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Literary Thu Aug 18 2011

9/11 Stories at Webster's Wine Bar & Uncommon Ground

Everybody has a 9/11 story. That morning as I rode the Red Line to work, I wrote in my journal about the countdown to my impending wedding scheduled for that Saturday. "Just four more days," I wrote in anticipation, "and I'll be married." When I got to work my colleagues were clustered around the television in the reception area, eyes glued to the now iconic image of the World Trade Center up in smoke. I knew that very instant that my wedding would, at best, have to be postponed. I called my mother in tears before the first tower fell, sobbing openly within the flimsy confines of my cubicle and not giving a damn who heard me. Work closed early, and I got a ride home in the backseat of a colleague's car. Traffic was heavy; everyone was leaving work. I cried the whole way home. I sat on my couch and didn't move for hours, eyes glued to the television, absorbing the horrors of what was happening.

Having grown up in Brooklyn, I felt an overwhelming urge to take every last penny that my fiancé and I had saved for our honeymoon and send it to the Red Cross, keeping just enough to get on the next Greyhound bus bound for New York to volunteer to do whatever I could. My fiancé convinced me not to send all of our money, and the talking heads on TV convinced me that unless I had a specific service that I could offer -- emergency psychiatry, for instance -- that I'd just be a burden arriving in New York at that particular moment. In the end I gave $300 to the Red Cross, and stayed in Chicago, and cried. I cried at home, I cried openly in the streets, I cried in the shower. On September 15, 2001, which should have been my wedding day, I woke to a gorgeous blue sky, and a perfect, sunny day. My fiancé went to work; and I hung out at the shop with him. Someone asked when we were getting married, "it was supposed to be today," I said.

The importance of our wedding, which, up until that moment, had been higher than almost anything else I could think of, plummeted in the face of what was happening around us. We were in no mood to celebrate. I didn't want the only topic of conversation at our wedding to be the attacks, and I didn't want to have to remember, on every single wedding anniversary for the rest of my life, what else had happened that week.

Our caterer refunded our money in full; we weren't their only booking that had cancelled that week. I love pie more than almost anything else in the world, and we'd planned to have scads of wedding pie instead of cake. My sister had an apple pie delivered to me at work the day after we postponed with a note that read, "For a wonderful sister, and a beautiful bride." I cried again, and ate the whole thing in one sitting.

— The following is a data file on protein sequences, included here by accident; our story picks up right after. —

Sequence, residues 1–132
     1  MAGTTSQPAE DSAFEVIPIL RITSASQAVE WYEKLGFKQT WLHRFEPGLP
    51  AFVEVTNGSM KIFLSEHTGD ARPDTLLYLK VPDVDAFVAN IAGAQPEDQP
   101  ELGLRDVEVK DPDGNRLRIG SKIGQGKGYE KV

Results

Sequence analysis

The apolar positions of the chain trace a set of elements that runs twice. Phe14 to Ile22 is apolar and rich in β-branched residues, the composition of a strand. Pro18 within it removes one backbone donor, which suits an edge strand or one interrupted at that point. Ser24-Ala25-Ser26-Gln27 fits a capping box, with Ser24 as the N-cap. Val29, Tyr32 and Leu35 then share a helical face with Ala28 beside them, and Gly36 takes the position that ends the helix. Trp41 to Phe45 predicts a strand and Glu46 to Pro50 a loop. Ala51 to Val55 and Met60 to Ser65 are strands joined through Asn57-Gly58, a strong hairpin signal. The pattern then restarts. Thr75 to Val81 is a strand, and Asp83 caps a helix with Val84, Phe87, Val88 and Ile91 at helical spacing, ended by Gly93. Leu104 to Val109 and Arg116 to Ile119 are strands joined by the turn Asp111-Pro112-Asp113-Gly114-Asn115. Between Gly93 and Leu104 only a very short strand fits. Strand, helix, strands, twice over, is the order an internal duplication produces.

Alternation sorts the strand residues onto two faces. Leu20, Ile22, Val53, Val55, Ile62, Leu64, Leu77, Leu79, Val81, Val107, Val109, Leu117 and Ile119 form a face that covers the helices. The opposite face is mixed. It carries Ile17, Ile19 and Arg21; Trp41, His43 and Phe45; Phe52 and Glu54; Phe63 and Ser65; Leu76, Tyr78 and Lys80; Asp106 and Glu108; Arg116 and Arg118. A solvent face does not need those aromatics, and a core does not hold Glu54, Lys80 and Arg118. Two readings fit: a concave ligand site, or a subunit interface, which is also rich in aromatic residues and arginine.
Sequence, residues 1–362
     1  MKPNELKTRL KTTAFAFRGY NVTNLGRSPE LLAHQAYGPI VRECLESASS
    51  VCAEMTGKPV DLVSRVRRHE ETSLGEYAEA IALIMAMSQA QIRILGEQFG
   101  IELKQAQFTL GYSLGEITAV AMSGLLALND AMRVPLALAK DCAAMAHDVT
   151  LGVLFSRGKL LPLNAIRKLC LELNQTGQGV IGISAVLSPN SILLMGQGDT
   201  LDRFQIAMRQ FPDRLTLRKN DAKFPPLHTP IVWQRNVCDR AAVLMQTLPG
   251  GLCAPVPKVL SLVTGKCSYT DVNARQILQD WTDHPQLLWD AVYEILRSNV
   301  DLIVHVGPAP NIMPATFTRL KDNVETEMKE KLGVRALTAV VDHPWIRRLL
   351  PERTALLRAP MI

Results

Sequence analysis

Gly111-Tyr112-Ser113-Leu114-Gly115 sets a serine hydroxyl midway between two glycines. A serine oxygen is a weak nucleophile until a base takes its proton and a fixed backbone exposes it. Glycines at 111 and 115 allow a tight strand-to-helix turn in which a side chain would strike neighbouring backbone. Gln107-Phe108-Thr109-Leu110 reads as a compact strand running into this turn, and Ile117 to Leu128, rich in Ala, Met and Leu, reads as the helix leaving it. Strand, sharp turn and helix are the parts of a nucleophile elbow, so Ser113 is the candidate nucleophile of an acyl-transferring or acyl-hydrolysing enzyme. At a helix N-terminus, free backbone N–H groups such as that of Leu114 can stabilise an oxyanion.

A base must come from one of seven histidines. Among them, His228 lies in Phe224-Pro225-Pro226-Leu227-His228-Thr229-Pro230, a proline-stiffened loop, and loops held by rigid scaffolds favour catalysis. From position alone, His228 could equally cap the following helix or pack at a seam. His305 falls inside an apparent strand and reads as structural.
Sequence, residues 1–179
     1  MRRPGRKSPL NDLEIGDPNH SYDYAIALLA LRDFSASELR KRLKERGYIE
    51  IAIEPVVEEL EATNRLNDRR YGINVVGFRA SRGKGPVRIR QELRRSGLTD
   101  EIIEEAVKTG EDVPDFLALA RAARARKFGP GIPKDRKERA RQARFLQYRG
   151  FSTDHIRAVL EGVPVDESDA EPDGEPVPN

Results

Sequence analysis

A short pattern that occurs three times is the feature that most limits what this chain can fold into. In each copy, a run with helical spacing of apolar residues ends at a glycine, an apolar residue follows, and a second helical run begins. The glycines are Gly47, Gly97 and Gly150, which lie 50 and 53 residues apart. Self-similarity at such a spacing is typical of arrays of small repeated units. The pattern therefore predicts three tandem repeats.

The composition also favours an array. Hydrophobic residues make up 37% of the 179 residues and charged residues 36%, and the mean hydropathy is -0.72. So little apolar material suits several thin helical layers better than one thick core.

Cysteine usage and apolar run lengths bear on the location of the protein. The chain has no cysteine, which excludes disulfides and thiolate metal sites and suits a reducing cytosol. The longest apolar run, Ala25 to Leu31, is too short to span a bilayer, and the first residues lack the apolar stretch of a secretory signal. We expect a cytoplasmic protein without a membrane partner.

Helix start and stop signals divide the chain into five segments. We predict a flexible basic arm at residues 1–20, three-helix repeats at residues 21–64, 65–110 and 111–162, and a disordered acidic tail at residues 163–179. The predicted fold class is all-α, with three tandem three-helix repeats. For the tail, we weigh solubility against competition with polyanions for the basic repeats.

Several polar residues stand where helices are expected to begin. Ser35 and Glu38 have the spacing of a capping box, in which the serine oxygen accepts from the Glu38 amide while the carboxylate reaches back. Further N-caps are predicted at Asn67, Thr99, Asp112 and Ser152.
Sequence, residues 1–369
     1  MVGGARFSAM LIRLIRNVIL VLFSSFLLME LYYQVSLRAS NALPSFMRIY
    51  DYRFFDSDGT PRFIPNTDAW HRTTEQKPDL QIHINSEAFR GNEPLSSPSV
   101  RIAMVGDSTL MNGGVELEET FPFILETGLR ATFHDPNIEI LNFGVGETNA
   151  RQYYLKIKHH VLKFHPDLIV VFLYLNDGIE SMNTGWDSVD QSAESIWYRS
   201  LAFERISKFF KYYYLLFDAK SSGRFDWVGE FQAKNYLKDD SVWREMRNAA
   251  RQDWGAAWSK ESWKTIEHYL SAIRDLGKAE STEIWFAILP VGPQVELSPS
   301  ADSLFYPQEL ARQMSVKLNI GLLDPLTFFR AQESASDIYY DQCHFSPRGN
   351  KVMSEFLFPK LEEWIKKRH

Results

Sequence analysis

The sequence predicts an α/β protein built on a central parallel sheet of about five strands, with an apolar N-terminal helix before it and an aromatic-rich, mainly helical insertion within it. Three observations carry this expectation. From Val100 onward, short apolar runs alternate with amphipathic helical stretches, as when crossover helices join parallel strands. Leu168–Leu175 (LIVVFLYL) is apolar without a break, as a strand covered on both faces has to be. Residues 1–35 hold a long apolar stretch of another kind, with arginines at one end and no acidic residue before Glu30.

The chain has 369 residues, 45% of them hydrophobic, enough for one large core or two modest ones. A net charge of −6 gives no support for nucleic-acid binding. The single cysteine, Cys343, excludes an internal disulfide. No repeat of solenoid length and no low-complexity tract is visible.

In a few weeks, it will be 10 years since the attacks, a fact that I'm not entirely prepared to accept. I never watch TV on Sept. 11 anniversaries; if I never see that footage again, it will be too soon. This year I'll be at Webster's Wine Bar, listening to four storytellers share their September 11 experiences in Second Story's "Ten Years Later: Stories from a Post-9/11 America", featuring stories from Merrie Greenfield, Stephanie Chavara, Laura Krughoff and Daaimah Mubashir. And if you can't bring yourself to go out on September 11, there will be an encore performance on Monday, Sept. 12.

Story Club will also be focusing on the 10 year anniversary on Thursday, Sept. 8. There will be four open mic slots for anyone who wants to bring their story (you can bring stories unrelated to the attacks as well), and there will be featured readings by Kelsie Huff, Kevin Gladish, Angela Benander and Dana Norris.

Story Club takes place Thursday, Sept. 8 at Uncommon Ground on Clark (3800 N. Clark), signup is at 8pm, stories start at 8:30pm, and the event is free. For more information visit Story Club.

Second Story takes place on Sunday, September 11 and Monday, September 12 at Webster's Wine Bar. Doors open at 7pm, stories start at 7:30pm, tickets are $12 in advance and $15 at the door. For tickets and information visit Second Story.

 
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Architecture Tue Nov 03 2015

Paul Goldberger Describes the "Pragmatism and Poetry" of Frank Gehry's Architecture in His New Book

By Nancy Bishop

Architecture critic Paul Goldberger talks about Frank Gehry's life and work in a new book.
Read this feature »

Steve at the Movies Fri Jan 01 2016

Best Feature Films & Documentaries of 2015

By Steve Prokopy

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